• These are really good tips. I thought it wasn’t safe to vent your dryer in the house so that is a great idea!
    I can’t believe dry skin has already set in!

  • Evan

    Thanks for this post. Very informative. My daughter complains much about it.

  • Melinda S.

    When using the oven….I have a teapot with water in it that sits on the left back burner….it gets warm and gives out some moisture.
    Also….when the dishwasher is in drying mode, I stop the cycle and open the door to let the air vent out.

  • Keith Wilcox

    Excellent, excellent suggestions. I would never have thought to vent a dryer indoors. Didn’t even know there were conversion kits for it. I live in Boulder CO and it is very very dry this time of year. I’ve been trying to turn the heat down, but it’s still very dry. We have humidifiers running. I guess you’re right that a vaporizor is a more economical option.

    • Doreen Rogers

      Thank you so much for all the idea’s I especially love the one about the crock pots that’s awesome. I have a cat that’s into and jumps up on everything. HE has his own chair in the living room in front of the window to watch the birds which is right where all my radiators are he runs from window to window so putting water on there is out. But there are a few other ones I’m going to do I have a air purafire that helps me breath in my bedroom. Doreen Rogers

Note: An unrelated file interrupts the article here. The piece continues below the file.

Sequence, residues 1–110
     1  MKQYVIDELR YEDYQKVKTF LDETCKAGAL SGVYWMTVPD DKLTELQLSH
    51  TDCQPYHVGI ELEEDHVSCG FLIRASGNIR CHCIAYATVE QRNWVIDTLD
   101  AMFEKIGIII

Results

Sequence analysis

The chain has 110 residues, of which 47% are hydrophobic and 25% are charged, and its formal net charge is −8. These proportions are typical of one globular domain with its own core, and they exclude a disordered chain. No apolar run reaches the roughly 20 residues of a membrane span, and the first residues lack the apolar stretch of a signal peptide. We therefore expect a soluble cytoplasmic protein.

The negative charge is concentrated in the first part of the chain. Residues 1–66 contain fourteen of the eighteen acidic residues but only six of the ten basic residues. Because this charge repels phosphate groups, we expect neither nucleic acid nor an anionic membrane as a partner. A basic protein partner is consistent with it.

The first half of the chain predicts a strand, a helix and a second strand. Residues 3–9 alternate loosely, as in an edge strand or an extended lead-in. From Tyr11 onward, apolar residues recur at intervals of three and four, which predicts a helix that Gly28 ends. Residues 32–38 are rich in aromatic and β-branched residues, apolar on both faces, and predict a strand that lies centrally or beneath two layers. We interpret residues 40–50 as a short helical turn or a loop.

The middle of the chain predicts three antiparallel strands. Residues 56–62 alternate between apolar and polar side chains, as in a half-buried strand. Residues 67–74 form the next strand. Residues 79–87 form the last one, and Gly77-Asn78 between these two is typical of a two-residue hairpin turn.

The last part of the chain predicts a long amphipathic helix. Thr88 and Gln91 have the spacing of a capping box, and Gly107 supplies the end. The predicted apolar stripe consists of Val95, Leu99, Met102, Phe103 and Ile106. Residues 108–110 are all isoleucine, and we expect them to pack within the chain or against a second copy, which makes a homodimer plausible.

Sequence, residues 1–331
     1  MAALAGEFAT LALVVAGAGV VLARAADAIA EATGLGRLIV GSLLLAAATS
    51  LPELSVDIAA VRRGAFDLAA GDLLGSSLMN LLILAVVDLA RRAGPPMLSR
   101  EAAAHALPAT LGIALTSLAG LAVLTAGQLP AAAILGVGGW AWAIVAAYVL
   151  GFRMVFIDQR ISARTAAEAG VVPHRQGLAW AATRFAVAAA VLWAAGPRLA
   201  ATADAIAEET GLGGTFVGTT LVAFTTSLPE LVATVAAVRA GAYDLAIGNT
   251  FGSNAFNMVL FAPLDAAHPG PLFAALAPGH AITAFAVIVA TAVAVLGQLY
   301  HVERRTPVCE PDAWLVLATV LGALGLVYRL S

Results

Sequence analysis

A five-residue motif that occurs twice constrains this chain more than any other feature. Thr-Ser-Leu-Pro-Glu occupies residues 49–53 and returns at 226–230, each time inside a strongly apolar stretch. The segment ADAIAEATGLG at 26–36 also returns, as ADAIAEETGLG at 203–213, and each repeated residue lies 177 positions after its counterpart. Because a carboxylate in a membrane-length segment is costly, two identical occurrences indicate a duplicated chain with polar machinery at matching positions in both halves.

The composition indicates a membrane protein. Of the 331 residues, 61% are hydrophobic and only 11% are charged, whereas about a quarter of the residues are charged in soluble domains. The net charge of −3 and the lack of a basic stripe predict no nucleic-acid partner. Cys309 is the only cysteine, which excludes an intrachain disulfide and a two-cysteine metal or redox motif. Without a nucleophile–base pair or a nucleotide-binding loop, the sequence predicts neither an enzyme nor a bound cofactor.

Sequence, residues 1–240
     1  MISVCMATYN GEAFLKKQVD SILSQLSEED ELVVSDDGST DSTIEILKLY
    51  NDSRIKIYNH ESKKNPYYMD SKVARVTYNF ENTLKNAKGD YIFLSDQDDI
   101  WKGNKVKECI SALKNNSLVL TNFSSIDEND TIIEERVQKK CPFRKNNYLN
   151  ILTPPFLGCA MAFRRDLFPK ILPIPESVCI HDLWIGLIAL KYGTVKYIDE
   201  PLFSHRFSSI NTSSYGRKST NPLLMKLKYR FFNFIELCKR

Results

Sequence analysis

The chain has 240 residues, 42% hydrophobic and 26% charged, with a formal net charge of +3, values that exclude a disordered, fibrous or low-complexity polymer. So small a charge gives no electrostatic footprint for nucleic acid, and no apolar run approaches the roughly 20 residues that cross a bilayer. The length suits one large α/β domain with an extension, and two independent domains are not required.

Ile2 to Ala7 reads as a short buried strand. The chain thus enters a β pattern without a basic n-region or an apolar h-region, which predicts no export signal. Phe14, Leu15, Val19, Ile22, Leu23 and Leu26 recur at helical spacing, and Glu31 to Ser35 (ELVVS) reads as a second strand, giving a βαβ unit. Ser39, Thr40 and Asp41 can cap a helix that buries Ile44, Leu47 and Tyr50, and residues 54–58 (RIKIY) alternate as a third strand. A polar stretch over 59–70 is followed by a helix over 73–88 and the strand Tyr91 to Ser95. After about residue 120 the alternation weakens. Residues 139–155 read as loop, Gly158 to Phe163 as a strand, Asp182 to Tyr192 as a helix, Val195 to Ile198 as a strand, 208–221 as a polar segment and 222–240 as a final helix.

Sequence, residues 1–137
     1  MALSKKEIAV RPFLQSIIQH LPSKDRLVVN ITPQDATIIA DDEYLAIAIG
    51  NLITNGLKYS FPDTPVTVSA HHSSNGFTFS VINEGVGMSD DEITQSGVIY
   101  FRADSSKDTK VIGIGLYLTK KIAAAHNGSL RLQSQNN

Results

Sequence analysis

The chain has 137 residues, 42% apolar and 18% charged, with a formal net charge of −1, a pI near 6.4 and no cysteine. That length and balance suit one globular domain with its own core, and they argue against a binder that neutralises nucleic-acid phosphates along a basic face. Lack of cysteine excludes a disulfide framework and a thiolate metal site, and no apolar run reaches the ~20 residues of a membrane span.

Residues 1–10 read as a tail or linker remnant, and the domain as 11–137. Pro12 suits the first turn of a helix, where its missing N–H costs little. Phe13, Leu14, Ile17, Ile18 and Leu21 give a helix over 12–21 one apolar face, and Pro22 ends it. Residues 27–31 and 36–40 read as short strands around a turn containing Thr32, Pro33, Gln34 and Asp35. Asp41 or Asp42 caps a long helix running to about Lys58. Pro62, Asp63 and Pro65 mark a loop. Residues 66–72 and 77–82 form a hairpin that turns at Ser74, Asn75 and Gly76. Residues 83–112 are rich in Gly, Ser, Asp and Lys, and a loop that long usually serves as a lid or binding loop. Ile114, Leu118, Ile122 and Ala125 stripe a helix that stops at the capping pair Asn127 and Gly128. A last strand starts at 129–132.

• We plugged in our two crock pots, filled them with water, and left the lids off. It’s not as effective as boiling water on the stove but over time it’s been very helpful. Each day I change the water (that’s left).

  • Jessica

    Great list. I also like the idea of opening the dishwasher during the dry cycle that Melinda had. Thanks so much for sharing.

  • Noelle

    Great tips – especially #6. Plants also release moisture from their leaves through transpiration, so the more indoor plants the better!

  • Grace

    This is great! My husband and I are really feeling the dry air here, and we bought a humidifier. Sure, it’s helpful… but these natural ways are awesome! I’ve been doing things (like closing the bathroom door during a shower, and keeping lids on my pots) than I can easily change. Thanks for the tips!

  • mary

    I found that simply by using a clothes drying rack inside my house made a world of difference. My daughter tended to get bloody noses in the winter. So I have started to dry all my laundry in her room while she is at school. I am happy to say that the nose bleeds have been drastically reduced.

  • Lynda

    In regards to using the dryer for moisture….my daughter just bought one to use in her high rise apartment & instead of using the kit that was mentioned over the vent she just puts a nylon stocking over the end of the vent with an elastic to hold it on. Then checks it each time to see if it needs changing. Hasnt had a problem yet…

  • Dnkraus

    I would NEVER vent my dryer in my home….way too dangerous.

    • Not unless you have a gas dryer. Its not dangerous at all if you use electric.

  • Boniigean

    Before I even read this my mother used to let the dryer vent indoors for a cheap way to heat our basement. She still does.

  • john


    I sell Ultrasonic mist makers that are great for raising the humidity in your home. They are really easy to use and are much better performers than the big box stores. Check them out at

    Good Luck!